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3: The Bible Tells Me So (Book)

Let me pose a thought. Say I read the Harry Potter books literally. Suddenly, they take on an entirely new dimension. Magic exists? Am I not good enough because I am simply a Muggle? Do all Slytherins have bad blood because Hagrid says so in the second book? When someone says they would rather read the Hunger Games, am I meant to shame that person for not reading the Harry Potter books because of their important messages? Hunger Games has similar messages? Pfft. Well, I guess I can’t diversify or even consider another perspective. Now, take a step back. That sounds really stupid. Right? If someone acted like this, wouldn’t we consider them an extreme Harry Potter fan and that their mentality is pretty dangerous? Funny because that is how a lot of Christians act in today’s society when it comes to the Bible. This is where Peter Enns book, The Bible Tells Me So, comes into play. The subtitle of his book is “why defending scripture has made us unable to read it.” Enns makes the argument that the Bible is a book of stories written to make sense of the present time period which they were written. It isn’t a history textbook like we often believe but a lush example of storytelling, being shaped orally over a thousand or so years until it was written and compiled into what we know today. Now, that is just a basic summary of this book. The ideas posed to the reader are very radical. I know a lot of Christians will outright not even pick this book up (let’s face it, LOTS of the Christians I know won’t pick up most of the books I read so…way to have an open mind Christians) because they fear the ideas it is suggesting. But if you are like me and find that most answers Christians give about difficult passages in the Bible are outright silly and problematic, do yourself a favor and pick up this book. It is one of the best books I have read, certainly will be on my top books read during 2016, and is extremely thought provoking. Buy it on Amazon today!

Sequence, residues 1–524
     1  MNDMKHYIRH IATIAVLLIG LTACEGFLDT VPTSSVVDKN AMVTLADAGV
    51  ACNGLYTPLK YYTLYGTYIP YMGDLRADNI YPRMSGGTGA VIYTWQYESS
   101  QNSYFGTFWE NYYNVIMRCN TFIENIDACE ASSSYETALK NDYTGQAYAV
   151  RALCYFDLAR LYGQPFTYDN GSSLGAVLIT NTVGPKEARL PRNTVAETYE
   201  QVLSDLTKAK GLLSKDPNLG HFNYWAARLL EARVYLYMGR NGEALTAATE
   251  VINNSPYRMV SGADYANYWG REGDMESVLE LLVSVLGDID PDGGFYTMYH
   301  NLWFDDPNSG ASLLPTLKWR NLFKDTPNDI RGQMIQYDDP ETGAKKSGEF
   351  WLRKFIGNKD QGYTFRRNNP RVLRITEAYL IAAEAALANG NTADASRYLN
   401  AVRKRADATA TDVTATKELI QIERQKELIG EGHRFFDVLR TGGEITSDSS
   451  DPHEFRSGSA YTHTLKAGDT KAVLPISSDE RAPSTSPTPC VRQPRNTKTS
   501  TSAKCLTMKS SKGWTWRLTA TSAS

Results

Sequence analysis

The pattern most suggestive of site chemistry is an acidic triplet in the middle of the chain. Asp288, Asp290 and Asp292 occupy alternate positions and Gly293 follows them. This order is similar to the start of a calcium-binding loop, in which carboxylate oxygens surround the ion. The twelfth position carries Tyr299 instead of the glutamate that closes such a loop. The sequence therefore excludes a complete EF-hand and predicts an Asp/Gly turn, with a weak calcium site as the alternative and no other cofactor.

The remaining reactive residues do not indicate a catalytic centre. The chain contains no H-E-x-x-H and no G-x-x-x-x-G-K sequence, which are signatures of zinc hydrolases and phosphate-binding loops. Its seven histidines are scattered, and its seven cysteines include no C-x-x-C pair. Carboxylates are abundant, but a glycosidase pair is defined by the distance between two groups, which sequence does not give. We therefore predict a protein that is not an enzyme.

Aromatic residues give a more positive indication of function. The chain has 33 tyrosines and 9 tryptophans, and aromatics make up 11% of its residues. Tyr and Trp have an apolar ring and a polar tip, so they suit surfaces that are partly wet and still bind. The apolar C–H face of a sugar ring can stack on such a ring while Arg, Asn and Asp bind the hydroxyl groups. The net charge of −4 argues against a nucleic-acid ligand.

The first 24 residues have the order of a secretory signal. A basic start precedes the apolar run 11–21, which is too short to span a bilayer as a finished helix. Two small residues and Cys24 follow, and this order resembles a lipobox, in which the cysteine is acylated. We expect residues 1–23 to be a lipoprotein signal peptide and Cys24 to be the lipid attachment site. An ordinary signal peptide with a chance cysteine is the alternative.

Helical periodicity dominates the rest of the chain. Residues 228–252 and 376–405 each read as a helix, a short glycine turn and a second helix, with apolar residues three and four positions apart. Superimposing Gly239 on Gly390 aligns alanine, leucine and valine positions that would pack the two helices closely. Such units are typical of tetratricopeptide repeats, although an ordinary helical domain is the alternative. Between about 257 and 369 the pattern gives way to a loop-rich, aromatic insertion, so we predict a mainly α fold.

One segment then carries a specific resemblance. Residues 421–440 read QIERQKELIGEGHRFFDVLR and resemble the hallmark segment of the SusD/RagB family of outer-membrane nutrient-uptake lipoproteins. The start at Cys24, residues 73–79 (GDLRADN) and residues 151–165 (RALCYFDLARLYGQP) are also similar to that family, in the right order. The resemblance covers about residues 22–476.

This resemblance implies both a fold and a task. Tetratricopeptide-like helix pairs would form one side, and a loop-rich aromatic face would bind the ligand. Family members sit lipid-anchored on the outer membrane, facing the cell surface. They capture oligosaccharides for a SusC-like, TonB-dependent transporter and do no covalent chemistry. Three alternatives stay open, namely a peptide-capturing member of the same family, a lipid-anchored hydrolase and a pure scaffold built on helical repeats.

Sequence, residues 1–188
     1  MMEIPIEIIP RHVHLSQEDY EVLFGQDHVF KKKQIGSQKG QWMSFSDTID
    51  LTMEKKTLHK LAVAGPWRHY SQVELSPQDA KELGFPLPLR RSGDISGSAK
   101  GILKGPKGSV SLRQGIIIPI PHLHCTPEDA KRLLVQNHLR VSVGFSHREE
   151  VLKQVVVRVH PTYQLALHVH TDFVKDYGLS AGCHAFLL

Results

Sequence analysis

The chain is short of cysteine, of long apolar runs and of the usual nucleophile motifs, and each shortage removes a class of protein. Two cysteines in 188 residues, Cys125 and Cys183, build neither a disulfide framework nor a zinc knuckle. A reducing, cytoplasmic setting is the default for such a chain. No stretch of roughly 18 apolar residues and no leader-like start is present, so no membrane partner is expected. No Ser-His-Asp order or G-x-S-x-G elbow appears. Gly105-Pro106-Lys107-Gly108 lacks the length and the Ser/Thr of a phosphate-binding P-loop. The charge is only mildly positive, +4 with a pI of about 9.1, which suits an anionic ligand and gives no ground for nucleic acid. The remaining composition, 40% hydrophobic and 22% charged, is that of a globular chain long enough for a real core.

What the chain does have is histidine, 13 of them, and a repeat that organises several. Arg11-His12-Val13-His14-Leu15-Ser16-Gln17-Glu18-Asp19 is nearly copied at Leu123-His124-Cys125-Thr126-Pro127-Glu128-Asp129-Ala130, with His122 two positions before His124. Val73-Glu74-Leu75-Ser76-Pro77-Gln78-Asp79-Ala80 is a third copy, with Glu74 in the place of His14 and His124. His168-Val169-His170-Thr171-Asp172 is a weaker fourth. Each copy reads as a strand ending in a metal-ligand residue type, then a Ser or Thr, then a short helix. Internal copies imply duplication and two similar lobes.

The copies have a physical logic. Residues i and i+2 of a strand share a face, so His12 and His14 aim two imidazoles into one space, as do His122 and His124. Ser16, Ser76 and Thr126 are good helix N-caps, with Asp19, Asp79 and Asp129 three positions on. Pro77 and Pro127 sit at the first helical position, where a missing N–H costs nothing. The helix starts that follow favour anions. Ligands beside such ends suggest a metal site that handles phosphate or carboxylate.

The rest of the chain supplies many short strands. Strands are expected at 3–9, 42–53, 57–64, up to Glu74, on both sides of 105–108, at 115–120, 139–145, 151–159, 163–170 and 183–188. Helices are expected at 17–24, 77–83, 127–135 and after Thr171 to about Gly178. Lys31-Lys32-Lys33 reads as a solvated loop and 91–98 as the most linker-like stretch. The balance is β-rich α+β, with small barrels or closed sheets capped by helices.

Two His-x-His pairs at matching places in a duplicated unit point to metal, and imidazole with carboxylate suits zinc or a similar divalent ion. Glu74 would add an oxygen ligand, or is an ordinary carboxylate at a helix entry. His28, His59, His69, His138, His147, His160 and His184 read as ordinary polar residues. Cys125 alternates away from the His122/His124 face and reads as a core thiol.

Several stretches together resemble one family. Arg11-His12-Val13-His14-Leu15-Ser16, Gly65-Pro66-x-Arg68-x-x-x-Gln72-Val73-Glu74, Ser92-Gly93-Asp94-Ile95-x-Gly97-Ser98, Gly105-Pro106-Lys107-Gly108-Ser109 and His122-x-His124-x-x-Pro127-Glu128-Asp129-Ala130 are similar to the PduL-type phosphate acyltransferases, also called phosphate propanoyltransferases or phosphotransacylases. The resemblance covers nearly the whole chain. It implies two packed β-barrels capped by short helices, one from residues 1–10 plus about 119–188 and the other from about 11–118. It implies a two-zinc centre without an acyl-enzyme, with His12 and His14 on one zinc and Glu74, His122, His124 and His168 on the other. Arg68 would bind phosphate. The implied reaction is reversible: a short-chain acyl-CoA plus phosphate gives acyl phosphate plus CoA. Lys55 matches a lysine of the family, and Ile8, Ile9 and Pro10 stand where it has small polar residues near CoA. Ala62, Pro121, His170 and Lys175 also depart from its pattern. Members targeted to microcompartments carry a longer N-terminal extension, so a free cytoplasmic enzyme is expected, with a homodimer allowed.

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4: Gradient.is (News)

Gradient is a brand new news and culture platform on the interwebs. Their website has a lot of great content, including articles and podcasts. I was introduced to the brand when I started listening to the weekly podcast the website hosts titled ICYMI (In Case You Missed It) where the hosts sit down and talk about 5 big news stories from the past week and lend their commentary to the issues at hand. They have a lot of other podcasts about various different topics such as animation, comic books/super heroes, and happiness. The site itself is as visually appealing as it is stimulating. It strives to comment on all important stories going on in culture, as well as review entertainment being released currently. While it is still in it’s early stages, it is a must for anyone interested in innovative ways of consuming the news! Check it out here!

 

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5: How Music Changed the World (Podcast)

One thing I absolutely love is music. I don’t think I am alone in this sentiment. Music is so engrained into our culture that it is hard to tell if music is influenced by it or is culture is influenced by music. The new podcast titled How Music Changed the World seeks to study music and music’s influenced on culture. It is hosted by Josh Taylor, also known for hosting the popular Disney podcast called Modern Mouse Radio. I really love this podcast. Taylor does an excellent job capturing the spirit of each musician/theme he talks about. He truly knows how to say a lot without saying too much. Each episode is very well produced and is usually around the 20-30 minute mark. What I love most about the show is how Taylor easily makes connections from music to culture and then the specific impact. It speaks to the power music has and how art itself is a huge part of experiencing life. This is a must listen. You won’t regret it! Check out the podcast at this link or find it on iTunes!

 

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Like this blog? Be sure to like this entry and share it on social media! And tune in next Saturday for another segment of Literary Cuisine!